Prevention & Treatment

What can I do to protect myself from getting sick?  There is no vaccine available right now to protect against Novel H1N1 virus. However, a Novel H1N1 vaccine is currently in production and may be ready for the public in the fall. As always, a vaccine will be available to protect against seasonal influenza.  There are everyday actions that can help prevent the spread of germs that cause respiratory illnesses like influenza.

Take these everyday steps to protect your health:

Cover your nose and mouth with a tissue when you cough or sneeze. Throw the tissue in the trash after you use it.  Wash your hands often with soap and water, especially after you cough or sneeze. Alcohol-based hand cleaners* are also effective.  Avoid touching your eyes, nose or mouth. Germs spread this way.  Try to avoid close contact with sick people.  If you are sick with flu-like illness, CDC recommends that you stay home for at least 24 hours after your fever is gone except to get medical care or for other necessities. (Your fever should be gone without the use of a fever-reducing medicine.) Keep away from others as much as possible to keep from making others sick.

Other important actions that you can take are:

Follow public health advice regarding school closures, avoiding crowds and other social distancing measures.  Be prepared in case you get sick and need to stay home for a week or so; a supply of over-the-counter medicines, alcohol-based hand rubs,* tissues and other related items might could be useful and help avoid the need to make trips out in public while you are sick and contagious

What is the best way to keep from spreading the virus through coughing or sneezing?

If you are sick with flu-like illness, CDC recommends that you stay home for at least 24 hours after your fever is gone except to get medical care or for other necessities. (Your fever should be gone without the use of a fever-reducing medicine.)Keep away from others as much as possible. Cover your mouth and nose with a tissue when coughing or sneezing. Put your used tissue in the waste basket. Then, clean your hands, and do so every time you cough or sneeze.

If I have a family member at home who is sick with Novel H1N1 flu, should I go to work?

Employees who are well but who have an ill family member at home with Novel H1N1 flu can go to work as usual. These employees should monitor their health every day, and take everyday precautions including washing their hands often with soap and water, especially after they cough or sneeze. Alcohol-based hand cleaners are also effective.* If they become ill, they should notify their supervisor and stay home. Employees who have an underlying medical condition or who are pregnant should call their health care provider for advice, because they might need to receive influenza antiviral drugs to prevent illness. For more information please see General Business and Workplace Guidance for the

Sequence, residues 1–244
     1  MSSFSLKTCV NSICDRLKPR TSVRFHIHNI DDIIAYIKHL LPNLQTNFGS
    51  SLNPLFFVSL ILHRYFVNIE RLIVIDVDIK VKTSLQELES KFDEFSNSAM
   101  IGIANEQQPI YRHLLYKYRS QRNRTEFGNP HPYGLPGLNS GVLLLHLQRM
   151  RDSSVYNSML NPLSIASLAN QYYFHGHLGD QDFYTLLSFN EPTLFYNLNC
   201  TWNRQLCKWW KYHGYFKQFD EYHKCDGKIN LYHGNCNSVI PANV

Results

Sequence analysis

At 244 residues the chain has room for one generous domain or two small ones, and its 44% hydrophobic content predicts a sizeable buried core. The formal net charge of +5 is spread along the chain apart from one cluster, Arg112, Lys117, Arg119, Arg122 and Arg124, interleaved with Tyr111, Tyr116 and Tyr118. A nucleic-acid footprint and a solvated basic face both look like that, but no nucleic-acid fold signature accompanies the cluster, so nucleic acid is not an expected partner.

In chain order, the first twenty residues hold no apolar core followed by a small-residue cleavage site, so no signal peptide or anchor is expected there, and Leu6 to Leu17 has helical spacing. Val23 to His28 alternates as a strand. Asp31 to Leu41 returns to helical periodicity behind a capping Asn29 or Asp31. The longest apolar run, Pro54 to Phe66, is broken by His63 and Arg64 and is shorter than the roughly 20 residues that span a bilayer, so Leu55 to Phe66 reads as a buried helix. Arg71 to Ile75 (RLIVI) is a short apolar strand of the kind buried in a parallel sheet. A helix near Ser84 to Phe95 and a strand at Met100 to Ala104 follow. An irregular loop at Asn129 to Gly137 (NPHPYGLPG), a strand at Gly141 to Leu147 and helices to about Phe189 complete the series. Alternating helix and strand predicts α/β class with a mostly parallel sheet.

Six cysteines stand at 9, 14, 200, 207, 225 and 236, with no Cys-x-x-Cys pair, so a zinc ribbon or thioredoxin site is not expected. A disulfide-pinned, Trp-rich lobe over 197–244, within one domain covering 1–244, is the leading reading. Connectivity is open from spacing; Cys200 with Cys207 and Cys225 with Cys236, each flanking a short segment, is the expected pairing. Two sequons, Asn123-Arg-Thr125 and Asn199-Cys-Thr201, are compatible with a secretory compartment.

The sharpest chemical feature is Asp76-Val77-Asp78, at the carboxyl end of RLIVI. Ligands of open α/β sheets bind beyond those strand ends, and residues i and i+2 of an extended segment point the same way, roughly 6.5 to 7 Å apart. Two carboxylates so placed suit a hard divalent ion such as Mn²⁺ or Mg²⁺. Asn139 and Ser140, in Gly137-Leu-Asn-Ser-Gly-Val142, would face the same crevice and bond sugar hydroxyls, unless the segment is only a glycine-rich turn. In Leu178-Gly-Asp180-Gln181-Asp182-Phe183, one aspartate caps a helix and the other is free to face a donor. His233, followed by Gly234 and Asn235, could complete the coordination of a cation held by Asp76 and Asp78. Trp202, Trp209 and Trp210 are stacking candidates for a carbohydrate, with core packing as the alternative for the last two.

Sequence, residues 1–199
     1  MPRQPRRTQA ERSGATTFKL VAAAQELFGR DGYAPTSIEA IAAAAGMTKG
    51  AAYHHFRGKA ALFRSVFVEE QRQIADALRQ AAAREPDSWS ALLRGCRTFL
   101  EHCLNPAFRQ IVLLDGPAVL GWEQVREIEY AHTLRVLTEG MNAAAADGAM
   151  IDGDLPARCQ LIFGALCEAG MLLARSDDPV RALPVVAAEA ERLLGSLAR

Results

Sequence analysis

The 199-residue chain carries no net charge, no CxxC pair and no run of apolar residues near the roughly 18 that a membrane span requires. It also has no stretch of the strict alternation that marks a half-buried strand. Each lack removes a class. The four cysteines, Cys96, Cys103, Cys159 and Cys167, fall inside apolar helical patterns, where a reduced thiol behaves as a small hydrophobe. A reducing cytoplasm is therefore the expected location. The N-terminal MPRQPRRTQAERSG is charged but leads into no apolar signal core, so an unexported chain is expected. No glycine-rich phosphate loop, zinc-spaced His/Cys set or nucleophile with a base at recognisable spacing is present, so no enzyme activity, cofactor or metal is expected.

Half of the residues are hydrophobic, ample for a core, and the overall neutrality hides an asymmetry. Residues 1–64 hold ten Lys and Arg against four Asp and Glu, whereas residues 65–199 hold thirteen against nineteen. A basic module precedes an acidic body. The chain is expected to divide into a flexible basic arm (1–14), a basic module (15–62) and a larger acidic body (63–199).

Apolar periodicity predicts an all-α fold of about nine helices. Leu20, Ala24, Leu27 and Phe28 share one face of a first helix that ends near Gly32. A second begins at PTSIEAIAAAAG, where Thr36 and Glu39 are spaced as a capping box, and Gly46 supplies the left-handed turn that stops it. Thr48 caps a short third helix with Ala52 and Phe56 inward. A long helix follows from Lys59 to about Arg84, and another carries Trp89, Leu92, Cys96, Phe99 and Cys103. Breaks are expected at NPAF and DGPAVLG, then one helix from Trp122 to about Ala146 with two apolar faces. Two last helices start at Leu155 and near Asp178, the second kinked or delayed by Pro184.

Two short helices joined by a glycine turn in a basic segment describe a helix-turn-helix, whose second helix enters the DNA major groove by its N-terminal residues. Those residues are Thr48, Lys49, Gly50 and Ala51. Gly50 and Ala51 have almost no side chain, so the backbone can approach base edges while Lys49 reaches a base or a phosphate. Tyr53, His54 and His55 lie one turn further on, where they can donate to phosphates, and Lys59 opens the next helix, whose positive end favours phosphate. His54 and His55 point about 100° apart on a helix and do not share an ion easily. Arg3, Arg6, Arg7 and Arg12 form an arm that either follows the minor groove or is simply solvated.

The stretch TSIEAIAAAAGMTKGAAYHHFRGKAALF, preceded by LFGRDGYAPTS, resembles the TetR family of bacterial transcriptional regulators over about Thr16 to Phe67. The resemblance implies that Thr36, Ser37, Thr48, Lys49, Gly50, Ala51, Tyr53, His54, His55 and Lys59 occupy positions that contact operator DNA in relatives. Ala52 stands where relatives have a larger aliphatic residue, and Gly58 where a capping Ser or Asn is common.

Prevention of Novel Influenza A (H1N1) Flu in Workers.

What is the best technique for washing my hands to avoid getting the flu?  Washing your hands often will help protect you from germs. Wash with soap and water or clean with alcohol-based hand cleaner*. CDC recommends that when you wash your hands -- with soap and warm water -- that you wash for 15 to 20 seconds. When soap and water are not available, alcohol-based disposable hand wipes or gel sanitizers may be used. You can find them in most supermarkets and drugstores. If using gel, rub your hands until the gel is dry. The gel doesn't need water to work; the alcohol in it kills the germs on your hands.

What should I do if I get sick?

If you live in areas where people have been identified with Novel H1N1 flu and become ill with influenza-like symptoms, including fever, body aches, runny or stuffy nose, sore throat, nausea, or vomiting or diarrhea, you should stay home and avoid contact with other people. CDC recommends that you stay home for at least 24 hours after your fever is gone except to get medical care or for other necessities. (Your fever should be gone without the use of a fever-reducing medicine.) Stay away from others as much as possible to keep from making others sick.  Staying at home means that you should not leave your home except to seek medical care. This means avoiding normal activities, including work, school, travel, shopping, social events, and public gatherings.  If you have severe illness or you are at high risk for flu complications, contact your health care provider or seek medical care. Your health care provider will determine whether flu testing or treatment is needed.  If you become ill and experience any of the following warning signs, seek emergency medical care.

In children, emergency warning signs that need urgent medical attention include:

  •  Fast breathing or trouble breathing
  •  Bluish or gray skin color
  •  Not drinking enough fluids
  •  Severe or persistent vomiting
  •  Not waking up or not interacting
  •  Being so irritable that the child does not want to be held
  •  Flu-like symptoms improve but then return with fever and worse cough

In adults, emergency warning signs that need urgent medical attention include:

  •  Difficulty breathing or shortness of breath
  •  Pain or pressure in the chest or abdomen
  •  Sudden dizziness
  •  Confusion
  •  Severe or persistent vomiting
  •  Flu-like symptoms improve but then return with fever and worse cough

Are there medicines to treat Novel H1N1 infection?

Yes. CDC recommends the use of oseltamivir or zanamivir for the treatment and/or prevention of infection with Novel H1N1 flu virus. Antiviral drugs are prescription medicines (pills, liquid or an inhaled powder) that fight against the flu by keeping flu viruses from reproducing in your body. If you get sick, antiviral drugs can make your illness milder and make you feel better faster. They may also prevent serious flu complications. During the current pandemic, the priority use for influenza antiviral drugs is to treat severe influenza illness (for example hospitalized patients) and people who are sick who have a condition that places them at high risk for serious flu-related complications.